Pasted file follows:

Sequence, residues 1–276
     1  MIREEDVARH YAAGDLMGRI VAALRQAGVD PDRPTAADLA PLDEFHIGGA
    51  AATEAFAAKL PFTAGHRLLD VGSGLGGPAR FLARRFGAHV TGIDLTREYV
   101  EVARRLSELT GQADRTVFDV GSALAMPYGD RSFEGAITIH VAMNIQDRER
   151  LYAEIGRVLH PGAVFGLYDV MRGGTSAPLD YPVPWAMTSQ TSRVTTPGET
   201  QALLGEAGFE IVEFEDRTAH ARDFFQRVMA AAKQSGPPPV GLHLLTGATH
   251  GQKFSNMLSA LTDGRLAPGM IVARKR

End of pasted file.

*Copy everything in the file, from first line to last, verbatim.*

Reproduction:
Sequence, residues 1–276
     1  MIREEDVARH YAAGDLMGRI VAALRQAGVD PDRPTAADLA PLDEFHIGGA
    51  AATEAFAAKL PFTAGHRLLD VGSGLGGPAR FLARRFGAHV TGIDLTREYV
   101  EVARRLSELT GQADRTVFDV GSALAMPYGD RSFEGAITIH VAMNIQDRER
   151  LYAEIGRVLH PGAVFGLYDV MRGGTSAPLD YPVPWAMTSQ TSRVTTPGET
   201  QALLGEAGFE IVEFEDRTAH ARDFFQRVMA AAKQSGPPPV GLHLLTGATH
   251  GQKFSNMLSA LTDGRLAPGM IVARKR